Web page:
tisdag 18 juni 2013

Enterprise caching with Mule ESB Community Edition

I want to share with you a way to do generic enterprise type caching with Mule ESB community edition.

In Mule ESB you have the possibility to use the Cache Scope with various strategies and options to enable caching of the payload for any element in your integration flow. This feature is however only available in the Enterprise or CloudHub version of Mule.

Inspired by an integration blueprint I found in Mule In Action by David Dossot and John D'Emic, I managed to setup a solution that uses the excellent Open Source edition of  EHCache to achieve very similar behaviors as the one found in Mule's Enterprise only features.

Just follow these easy steps and remember Cache is King!

If you are using Maven you need to setup a dependency for EHCache

 <dependency>  
   <groupId>net.sf.ehcache</groupId>  
   <artifactId>ehcache</artifactId>  
   <version>2.7.0</version>  
   <scope>provided</scope>  
 </dependency>  

Otherwise you will need to attach the EHCache .jar depencies in your project.

To use EHCache in our integration flows we need to set it up as a Spring bean configuration in our XML like this. Note that by doing this we expose every config available on EHCache directly to our Mule configuration. We can even setup several different caches with different settings regarding disk persistence , memory eviction policy's time to live etc.

 <spring:beans>  
     <spring:bean id="MyCache" class="org.springframework.cache.ehcache.EhCacheFactoryBean">  
       <spring:property name="cacheName" value="MyCache"/>  
       <spring:property name="diskPersistent" value="false"/>  
       <spring:property name="overflowToDisk" value="false"/>  
       <spring:property name="maxElementsInMemory" value="100000"/>  
       <spring:property name="eternal" value="false"/>  
       <spring:property name="memoryStoreEvictionPolicy" value="LRU"/>  
       <spring:property name="timeToIdle" value="60"/>  
       <spring:property name="timeToLive" value="60"/>  
     </spring:bean>  
 </spring:beans>  


Now in your Mule configuration flow's XML you will need to add the Custom interceptor component and reference it to a cache configuration (Note that you do not have any graphical component in the component palette of Mule Studio for it.

 <custom-interceptor doc:name="PayloadCache"    class="se.redpill.mulecomponents.cache.PayloadCache">  
          <spring:property name="cache" ref="MyCache"/>  
 </custom-interceptor>  

Since this is an interceptor rather than a scope , you should think of it as something that happens before the flow element you put it in front of (Note that you can write this component as an EnvelopeInterceptor as well and then getting "before" and "after" methods with a surrounding behavior instead).

This particular example just uses the payload from the element in the flow before where you put the component as a key in the cache and it uses the result from the element after as cached value.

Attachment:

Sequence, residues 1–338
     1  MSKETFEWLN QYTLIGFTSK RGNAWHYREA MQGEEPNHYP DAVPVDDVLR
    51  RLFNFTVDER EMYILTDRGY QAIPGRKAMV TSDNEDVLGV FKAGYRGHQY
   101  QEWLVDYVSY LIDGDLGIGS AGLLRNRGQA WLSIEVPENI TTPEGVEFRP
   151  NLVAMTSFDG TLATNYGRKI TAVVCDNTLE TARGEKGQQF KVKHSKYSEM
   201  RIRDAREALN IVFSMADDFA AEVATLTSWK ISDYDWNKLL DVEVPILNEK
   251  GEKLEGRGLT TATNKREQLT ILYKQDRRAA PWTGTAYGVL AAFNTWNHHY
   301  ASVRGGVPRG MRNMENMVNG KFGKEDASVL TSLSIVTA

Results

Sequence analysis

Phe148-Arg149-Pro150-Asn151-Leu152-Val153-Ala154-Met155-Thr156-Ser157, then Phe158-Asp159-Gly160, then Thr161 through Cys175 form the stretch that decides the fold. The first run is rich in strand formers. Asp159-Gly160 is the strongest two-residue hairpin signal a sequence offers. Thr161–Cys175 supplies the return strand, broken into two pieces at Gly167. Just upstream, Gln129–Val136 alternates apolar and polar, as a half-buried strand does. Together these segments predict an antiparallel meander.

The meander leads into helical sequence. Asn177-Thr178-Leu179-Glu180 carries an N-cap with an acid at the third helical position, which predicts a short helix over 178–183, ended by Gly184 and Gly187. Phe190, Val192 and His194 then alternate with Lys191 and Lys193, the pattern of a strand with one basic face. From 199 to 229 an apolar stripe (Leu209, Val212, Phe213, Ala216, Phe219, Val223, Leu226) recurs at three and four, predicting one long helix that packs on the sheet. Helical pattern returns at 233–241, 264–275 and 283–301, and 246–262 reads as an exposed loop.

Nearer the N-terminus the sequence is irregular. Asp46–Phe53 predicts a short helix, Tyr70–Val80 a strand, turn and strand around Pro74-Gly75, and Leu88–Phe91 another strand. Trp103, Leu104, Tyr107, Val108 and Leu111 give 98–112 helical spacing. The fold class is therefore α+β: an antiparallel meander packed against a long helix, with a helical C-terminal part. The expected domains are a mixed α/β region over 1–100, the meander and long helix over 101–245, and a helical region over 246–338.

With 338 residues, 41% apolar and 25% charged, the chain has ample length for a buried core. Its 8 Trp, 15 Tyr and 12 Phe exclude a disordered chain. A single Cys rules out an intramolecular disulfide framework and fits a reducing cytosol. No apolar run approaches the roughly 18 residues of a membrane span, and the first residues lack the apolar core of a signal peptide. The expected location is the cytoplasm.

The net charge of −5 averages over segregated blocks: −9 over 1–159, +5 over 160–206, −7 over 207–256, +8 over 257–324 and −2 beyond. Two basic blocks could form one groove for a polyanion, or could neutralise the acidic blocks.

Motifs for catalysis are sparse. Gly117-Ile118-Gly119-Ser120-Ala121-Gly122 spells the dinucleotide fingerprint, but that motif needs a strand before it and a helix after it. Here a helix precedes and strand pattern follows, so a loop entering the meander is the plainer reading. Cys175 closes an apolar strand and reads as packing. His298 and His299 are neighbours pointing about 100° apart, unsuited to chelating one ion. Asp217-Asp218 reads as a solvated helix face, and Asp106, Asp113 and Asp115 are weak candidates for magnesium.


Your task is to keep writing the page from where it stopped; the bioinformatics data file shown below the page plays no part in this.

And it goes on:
So if you send in a payload that does not already exist as key in the cache the execution of the flow execution will go on and a new value will be set in the cache before it is returned, otherwise the cached value for the payload key is immediately returned.

Of course you could modify this behavior as you like and for example provide more <spring:property/> elements to your Custom interceptor and handle them properly for example with behaviors to be able to select parts of the payload as key or parts of the returning payload as value using MEL.

The Custom interceptor is implemented simply by making a class implement the org.mule.api.interceptor.Interceptor interface.

 package se.redpill.mulecomponents.cache;  
 import net.sf.ehcache.Ehcache;  
 import net.sf.ehcache.Element;  
 import org.mule.DefaultMuleEvent;  
 import org.mule.DefaultMuleMessage;  
 import org.mule.api.MuleEvent;  
 import org.mule.api.MuleException;  
 import org.mule.api.MuleMessage;  
 import org.mule.api.interceptor.Interceptor;  
 import org.mule.api.processor.MessageProcessor;  
 /**  
  * A mule interceptor acting as a ehCache component.  
  * Based on the Cache interceptor blueprint from Mule In Action by David Dossot and John D'Emic,  
  *   
  */  
 public class PayloadCache implements Interceptor   
 {       
        private MessageProcessor next;  
        private Ehcache cache;  
        public void setListener(MessageProcessor listener)  
        {  
          next = listener;  
        }  
        public void setCache(final Ehcache cache)  
        {  
          this.cache = cache;  
        }  
        public MuleEvent process(MuleEvent event) throws MuleException  
        {  
          final MuleMessage currentMessage = event.getMessage();  
          final Object key = currentMessage.getPayload();  
          final Element cachedElement = cache.get(key);  
          if (cachedElement != null)  
          {  
            return new DefaultMuleEvent(new DefaultMuleMessage(cachedElement.getObjectValue(),  
              currentMessage, event.getMuleContext()), event);  
          }  
          final MuleEvent result = next.process(event);  
          cache.put(new Element(key, result.getMessage().getPayload()));  
          return result;  
        }  
 }  

That's it! You know have a very flexible and professional Open Source caching solution for your Mule ESB CE.



     

6 kommentarer:

  1. I see this error messge if i try your example: org.mule.module.launcher.DeploymentInitException: ClassNotFoundException: net.sf.ehcache.Ehcache

    SvaraRadera
  2. Nice blog . Had more information to leverage the integration tool.

    SvaraRadera
  3. This article is really helpful

    SvaraRadera
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    SvaraRadera